Producer and director Jon Turteltaub is one of Disney’s secret weapons, delivering many of the studio’s biggest live-action hits, such as Cool Runnings, The Kid and Phenomenon. He is best known, though, for helming National Treasure and its 2007 sequel, which starred Nicholas Cage, his classmate from Beverly Hills High School.
Now, Turteltaub is taking a break from family-oriented films to give us Last Vegas, a comedy starring Michael Douglas, Robert De Niro, Kevin Kline, Morgan Freeman and Mary Steenburgen. In a plot that sounds like The Bucket List meets The Hangover, four aging friends head on a weekend escape to Las Vegas for a bachelor party when one of them proposes to a much younger woman. As one would expect, hijinks ensue.
Recently, we sat down for an exclusive interview with the Last Vegas director, who spoke about meeting Robert De Niro, who he would love to bring on for a potential sequel and why it’s taking National Treasure 3 so long to get into production.
Check it out below and enjoy!
WGTC: How did you become involved with directing Last Vegas?
Jon Turteltaub: I was sent a phenomenal script and when a script that good shows up, you don’t hem and haw, you just call the people back and say yes. Because you don’t know if somebody else is going to grab it before you make your final decision. I just called back and said I was in, it was that simple. None of the actors were involved yet but I knew based on that script, we would get good actors. I didn’t think we would get this good.
WGTC: Were you heavily involved in casting the film?
Jon Turteltaub: Sure, every director is. It’s something that directors think of as maybe the most important part of their jobs. It’s still scary. I recall very clearly flying to New York to meet Robert De Niro and being terrified the entire time. I was saying, “Oh my God. What do I call him? Is it Mr. De Niro? Is it Robert? Is it Bob?” And when I finally got in to meet with him, he was so sweet. He’s actually shy but really funny and has a good sense of humor, and is a lovely guy. It didn’t take long to relax and enjoy it.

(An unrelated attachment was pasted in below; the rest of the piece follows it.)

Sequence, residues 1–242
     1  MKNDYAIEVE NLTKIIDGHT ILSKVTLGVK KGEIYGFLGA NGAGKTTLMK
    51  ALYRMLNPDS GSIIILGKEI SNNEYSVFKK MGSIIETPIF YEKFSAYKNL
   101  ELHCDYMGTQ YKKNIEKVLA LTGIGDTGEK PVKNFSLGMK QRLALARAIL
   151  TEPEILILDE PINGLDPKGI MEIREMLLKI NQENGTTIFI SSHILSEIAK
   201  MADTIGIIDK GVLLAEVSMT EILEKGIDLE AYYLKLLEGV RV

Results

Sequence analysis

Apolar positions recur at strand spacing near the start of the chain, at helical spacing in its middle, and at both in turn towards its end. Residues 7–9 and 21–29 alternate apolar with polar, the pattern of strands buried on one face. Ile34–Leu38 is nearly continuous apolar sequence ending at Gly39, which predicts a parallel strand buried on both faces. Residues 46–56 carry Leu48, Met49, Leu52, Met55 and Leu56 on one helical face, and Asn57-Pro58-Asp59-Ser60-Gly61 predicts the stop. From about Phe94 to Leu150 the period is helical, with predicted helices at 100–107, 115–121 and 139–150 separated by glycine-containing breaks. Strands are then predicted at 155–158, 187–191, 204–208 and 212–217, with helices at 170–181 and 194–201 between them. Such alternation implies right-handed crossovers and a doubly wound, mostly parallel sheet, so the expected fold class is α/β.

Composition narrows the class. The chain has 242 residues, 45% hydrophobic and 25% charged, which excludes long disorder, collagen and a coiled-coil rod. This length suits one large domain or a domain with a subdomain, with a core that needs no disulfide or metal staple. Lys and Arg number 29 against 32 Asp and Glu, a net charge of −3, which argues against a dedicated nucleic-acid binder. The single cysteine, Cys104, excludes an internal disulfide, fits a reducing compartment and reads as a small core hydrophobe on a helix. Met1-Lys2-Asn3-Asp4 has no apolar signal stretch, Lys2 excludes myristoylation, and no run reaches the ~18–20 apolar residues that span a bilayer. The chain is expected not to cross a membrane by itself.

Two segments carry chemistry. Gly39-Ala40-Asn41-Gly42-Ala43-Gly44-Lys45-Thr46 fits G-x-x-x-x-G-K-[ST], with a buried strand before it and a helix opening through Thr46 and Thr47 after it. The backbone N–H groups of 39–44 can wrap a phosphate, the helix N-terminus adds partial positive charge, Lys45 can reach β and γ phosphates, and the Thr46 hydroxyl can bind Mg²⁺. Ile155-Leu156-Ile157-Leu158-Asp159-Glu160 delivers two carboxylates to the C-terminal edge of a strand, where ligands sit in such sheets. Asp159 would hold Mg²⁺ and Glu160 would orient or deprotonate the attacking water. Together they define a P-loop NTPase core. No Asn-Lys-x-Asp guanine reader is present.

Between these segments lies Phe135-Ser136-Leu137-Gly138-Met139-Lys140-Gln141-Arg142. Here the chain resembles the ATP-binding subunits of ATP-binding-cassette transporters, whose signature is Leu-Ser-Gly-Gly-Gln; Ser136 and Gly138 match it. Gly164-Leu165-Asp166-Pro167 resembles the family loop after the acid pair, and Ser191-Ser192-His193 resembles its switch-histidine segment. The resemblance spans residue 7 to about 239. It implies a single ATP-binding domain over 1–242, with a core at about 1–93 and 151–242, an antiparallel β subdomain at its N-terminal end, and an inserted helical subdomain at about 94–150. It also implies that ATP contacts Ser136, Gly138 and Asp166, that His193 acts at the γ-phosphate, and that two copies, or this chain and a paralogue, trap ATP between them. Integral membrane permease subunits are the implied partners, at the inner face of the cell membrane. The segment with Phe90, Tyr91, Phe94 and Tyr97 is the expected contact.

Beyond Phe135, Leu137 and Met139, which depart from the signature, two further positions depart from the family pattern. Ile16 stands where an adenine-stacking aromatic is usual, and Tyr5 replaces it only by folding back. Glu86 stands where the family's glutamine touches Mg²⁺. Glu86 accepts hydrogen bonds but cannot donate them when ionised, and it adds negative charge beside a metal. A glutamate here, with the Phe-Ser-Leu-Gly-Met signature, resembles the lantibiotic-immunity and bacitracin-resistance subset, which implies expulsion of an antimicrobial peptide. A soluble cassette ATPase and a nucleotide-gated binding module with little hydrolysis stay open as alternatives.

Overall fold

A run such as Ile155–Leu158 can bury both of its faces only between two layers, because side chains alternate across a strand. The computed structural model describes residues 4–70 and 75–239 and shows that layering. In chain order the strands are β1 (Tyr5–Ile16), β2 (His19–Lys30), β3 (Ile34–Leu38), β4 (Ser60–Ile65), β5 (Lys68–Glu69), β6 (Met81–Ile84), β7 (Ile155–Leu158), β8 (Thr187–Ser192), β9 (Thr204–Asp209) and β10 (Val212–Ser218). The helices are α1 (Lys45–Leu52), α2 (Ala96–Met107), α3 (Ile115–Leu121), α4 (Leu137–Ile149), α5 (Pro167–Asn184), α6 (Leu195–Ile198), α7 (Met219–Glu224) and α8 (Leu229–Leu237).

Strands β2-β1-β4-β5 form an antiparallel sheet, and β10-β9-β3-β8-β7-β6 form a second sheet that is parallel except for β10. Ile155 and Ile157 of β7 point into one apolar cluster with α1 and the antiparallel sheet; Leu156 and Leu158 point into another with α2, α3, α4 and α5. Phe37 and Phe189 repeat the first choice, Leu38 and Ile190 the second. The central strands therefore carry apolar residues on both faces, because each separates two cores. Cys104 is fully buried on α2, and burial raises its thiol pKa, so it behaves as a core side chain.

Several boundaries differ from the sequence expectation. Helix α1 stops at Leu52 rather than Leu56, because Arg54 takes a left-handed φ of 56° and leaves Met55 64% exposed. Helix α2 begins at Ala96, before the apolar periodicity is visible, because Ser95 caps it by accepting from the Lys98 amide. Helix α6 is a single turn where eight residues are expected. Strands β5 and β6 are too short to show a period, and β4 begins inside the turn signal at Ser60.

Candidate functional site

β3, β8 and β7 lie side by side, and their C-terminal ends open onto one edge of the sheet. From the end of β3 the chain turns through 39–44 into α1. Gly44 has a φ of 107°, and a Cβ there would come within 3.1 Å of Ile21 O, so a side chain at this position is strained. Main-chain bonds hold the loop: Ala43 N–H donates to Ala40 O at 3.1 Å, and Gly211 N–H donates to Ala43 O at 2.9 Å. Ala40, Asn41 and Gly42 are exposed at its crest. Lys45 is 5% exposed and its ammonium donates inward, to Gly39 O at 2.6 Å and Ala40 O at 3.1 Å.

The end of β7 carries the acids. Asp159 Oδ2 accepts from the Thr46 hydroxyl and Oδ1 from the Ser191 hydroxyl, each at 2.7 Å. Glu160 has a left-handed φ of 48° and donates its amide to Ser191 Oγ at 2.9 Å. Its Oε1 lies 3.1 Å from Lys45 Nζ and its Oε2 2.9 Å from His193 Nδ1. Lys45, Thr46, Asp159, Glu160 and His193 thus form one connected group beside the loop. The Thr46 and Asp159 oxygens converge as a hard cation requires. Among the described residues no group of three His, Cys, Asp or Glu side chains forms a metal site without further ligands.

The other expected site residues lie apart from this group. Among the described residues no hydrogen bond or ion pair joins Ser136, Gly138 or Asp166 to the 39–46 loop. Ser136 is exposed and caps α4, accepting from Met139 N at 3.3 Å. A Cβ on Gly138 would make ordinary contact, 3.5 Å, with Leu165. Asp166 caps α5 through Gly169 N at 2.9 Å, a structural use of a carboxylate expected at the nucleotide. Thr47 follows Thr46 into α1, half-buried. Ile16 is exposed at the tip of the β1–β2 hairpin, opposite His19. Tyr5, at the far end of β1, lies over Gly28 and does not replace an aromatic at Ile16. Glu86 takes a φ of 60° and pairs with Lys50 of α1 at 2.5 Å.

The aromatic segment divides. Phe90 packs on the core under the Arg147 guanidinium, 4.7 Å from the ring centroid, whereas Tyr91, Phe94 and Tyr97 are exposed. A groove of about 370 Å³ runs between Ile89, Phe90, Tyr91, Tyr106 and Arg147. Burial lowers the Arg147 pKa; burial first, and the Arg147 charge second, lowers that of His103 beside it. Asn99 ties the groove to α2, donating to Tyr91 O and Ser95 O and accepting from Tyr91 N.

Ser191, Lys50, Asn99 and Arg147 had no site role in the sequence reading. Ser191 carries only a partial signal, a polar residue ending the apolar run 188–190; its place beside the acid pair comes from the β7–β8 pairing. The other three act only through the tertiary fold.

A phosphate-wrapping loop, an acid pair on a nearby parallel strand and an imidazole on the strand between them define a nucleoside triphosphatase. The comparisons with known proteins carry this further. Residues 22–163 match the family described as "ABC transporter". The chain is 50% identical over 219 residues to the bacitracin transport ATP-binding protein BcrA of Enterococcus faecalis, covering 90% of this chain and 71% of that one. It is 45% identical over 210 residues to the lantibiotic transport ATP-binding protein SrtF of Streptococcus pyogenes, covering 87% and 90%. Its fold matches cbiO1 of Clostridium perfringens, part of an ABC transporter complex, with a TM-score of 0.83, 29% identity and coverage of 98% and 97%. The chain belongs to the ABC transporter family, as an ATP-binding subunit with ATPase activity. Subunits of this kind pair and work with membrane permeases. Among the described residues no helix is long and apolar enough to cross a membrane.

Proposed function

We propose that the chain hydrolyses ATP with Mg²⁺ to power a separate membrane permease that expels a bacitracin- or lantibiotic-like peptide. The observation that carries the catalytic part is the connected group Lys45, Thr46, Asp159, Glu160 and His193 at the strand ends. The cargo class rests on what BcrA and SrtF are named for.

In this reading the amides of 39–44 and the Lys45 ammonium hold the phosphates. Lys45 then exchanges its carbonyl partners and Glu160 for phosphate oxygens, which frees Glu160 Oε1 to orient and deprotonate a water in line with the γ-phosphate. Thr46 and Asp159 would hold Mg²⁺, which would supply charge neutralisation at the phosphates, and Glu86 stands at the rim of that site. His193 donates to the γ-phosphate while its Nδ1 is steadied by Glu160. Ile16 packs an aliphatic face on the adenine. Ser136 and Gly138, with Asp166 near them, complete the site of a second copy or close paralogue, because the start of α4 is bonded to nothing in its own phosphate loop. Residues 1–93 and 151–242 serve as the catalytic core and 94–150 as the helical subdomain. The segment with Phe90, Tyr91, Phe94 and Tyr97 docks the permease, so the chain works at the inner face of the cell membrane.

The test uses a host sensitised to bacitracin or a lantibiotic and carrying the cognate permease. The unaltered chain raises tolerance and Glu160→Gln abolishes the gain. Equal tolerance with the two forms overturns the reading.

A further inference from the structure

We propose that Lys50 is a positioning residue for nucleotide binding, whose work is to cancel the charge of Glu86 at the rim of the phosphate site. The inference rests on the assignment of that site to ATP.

WGTC: That’s a relief because I can imagine directing these actors must be intimidating at first.
Jon Turteltaub: It’s totally intimidating – and it’s not just at first! It’s for quite a while. But, you put enough of it behind you and you fake it as best as you can. And if you fake it well enough, you start to believe yourself. I always compare it to going on a date with the prettiest girl in the world. The last thing you want to do is say, “Hi, prettiest girl in the world! I can’t believe I’m on a date with you!”
WGTC: That’s a great analogy. Were the four actors [Robert De Niro, Michael Douglas, Morgan Freeman and Kevin Kline] the first choices for their roles?
Jon Turteltaub: It’s hard to say. There were a bunch of choices out there. I don’t think we ever considered anyone other than Michael Douglas [for the role of Billy]. He was the first one in and we didn’t have time to think about somebody else. But, there’s always possibilities. But I’m certainly at the point now where I truly can’t imagine anyone but these four guys in those four parts.
WGTC: If Last Vegas explodes at the box office and the studio wants to bring the ‘veteran wolfpack’ back together, would there be any dream actors you would like to work with to add to the group?
Jon Turteltaub: [Starts singing the song from The Hangover] They’re the four best friends that anyone ever had! Sorry. You got to grab Dustin Hoffman, I think. He’s still out there. Pacino’s still out there. There’s still amazing actors and actresses out there, as well. If I could get Tom Hanks and Will Smith into the movie, that would be good.
WGTC: Working with these actors on set, did you work very closely with them or did you let them trust their own instincts with their roles?
Jon Turteltaub: It’s both. You certainly give them the authority to trust their own instincts with things, but actors wants directors to direct them. They don’t want to feel like they’re out there on their own. What you don’t want to do is turn into an acting teacher. You don’t want to start telling them how to do their jobs but you can tell them what you need and what you want them to do for the movie.